American women also feature as intrepid reporters: Katharine Hepburn in Woman of the Year; Jean Arthur in Mr Smith Goes to Washington; Bette Davis in Front Page Woman; Barbara Stanwyck in Meet John Doe; Rosalind Russell in His Girl Friday. (I am indebted for much of this to The Observer's Philip French, the doyen of film critics, and a book he produced to accompany a National Film Theatre season of newspaper films).
The history of British newspapers is just as eventful and dramatic as that of America, with larger-than-life figures in Northcliffe, Beaverbrook, Delane, Stead, Garvin and CP Scott, through to Cudlipp, Evans, Deedes, Hastings, Worsthorne, Morgan and MacKenzie. Yet none of this colourful history has been converted to film. There are few British newspaper films worth remembering: Thunder Rock, starring Michael Redgrave; Front Page Story, featuring Jack Hawkins as a journalist of rugged integrity; So Well Remembered, with John Mills as a crusading local editor; The Day the Earth Caught Fire, in which Arthur Christiansen, a former editor of the Daily Express, makes a guest appearance; Defence of the Realm, with Gabriel Byrne and Denholm Elliott; and Cry Freedom, Richard Attenborough's film about the South African editor Donald Woods.
Woods, who was also an Observer correspondent, told me how flattered he was to be played by Kevin Kline. This reminded me of the quip by Ben Bradlee of The Washington Post, when told that he would be played by Jason Robards in the Watergate film, All the President's Men: "I always saw myself as Fred Astaire."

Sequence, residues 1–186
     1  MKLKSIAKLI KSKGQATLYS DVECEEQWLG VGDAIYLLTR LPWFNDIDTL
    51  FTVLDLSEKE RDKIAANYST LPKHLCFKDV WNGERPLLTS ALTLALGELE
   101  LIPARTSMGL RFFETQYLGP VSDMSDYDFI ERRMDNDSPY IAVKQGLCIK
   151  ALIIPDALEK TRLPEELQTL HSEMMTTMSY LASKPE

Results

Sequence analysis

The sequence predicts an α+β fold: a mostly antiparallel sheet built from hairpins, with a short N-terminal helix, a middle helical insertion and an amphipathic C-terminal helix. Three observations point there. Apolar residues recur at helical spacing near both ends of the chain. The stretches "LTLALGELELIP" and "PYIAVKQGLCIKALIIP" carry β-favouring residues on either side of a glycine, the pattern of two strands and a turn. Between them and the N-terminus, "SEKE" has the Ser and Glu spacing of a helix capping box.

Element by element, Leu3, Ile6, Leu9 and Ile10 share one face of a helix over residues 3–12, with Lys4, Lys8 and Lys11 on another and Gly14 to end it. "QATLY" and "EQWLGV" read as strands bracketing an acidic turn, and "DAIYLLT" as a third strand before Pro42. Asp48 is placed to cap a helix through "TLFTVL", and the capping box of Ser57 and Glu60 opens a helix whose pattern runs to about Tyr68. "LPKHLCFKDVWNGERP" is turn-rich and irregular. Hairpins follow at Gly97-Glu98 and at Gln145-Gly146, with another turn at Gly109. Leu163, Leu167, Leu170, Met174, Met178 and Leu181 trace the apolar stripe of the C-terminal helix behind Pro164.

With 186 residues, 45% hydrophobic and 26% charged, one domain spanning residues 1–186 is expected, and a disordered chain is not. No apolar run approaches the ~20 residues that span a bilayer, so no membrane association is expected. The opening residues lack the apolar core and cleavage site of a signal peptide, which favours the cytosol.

A newspaper film that might appeal to Messrs Hare and Brenton is Theatre of Blood, in which Vincent Price kills off all the London critics one by one for their bad reviews.
THERE was a wonderful line in The Daily Telegraph's obituary of Michael Vestey. The late BBC reporter was quoted as saying of a colleague: "He went off to teach journalism - a sure sign of desperation and mental turbulence." I'm sure this will amuse my friends in the journalism department at Sheffield University.
I nearly gave Vestey a job when I was on the news desk of The Observer 40 years ago, and I followed his career with interest. Another budding reporter I couldn't find room for at the time was called Jonathan Dimbleby. I wonder what happened to him.
THE death of that great figure at Granada TV, David Plowright, reminded me of a story about his father William, who was editor of the Scunthorpe Star. Plowright of Scunthorpe was also a legendary stringer for newspapers all over the country.
In 1961, while I was working on the Sheffield Telegraph, news came through that his daughter Joan was going to marry Laurence Olivier. But not a word came from Plowright of Scunthorpe. The news desk begged him to file a piece about this great family event.
Eventually, and grudgingly, a story came through: "The engagement is announced of Miss J Plowright, from Scunthorpe, to Sir L Olivier, an actor from London."
HOW much would you pay to have lunch at the Ivy à deux with Ulrika Jonsson, who is, among other things, a columnist on the News of the World? This is just one of many treats offered by the Press Ball, organised by the London Press Club in aid of the Journalists' Charity, at the Natural History Museum on 12 October. Details, tickets and tables are available from lpc@ entireaffair.com.
Donald Trelford is a former editor of The Observer
Stephen Glover is awayReuse content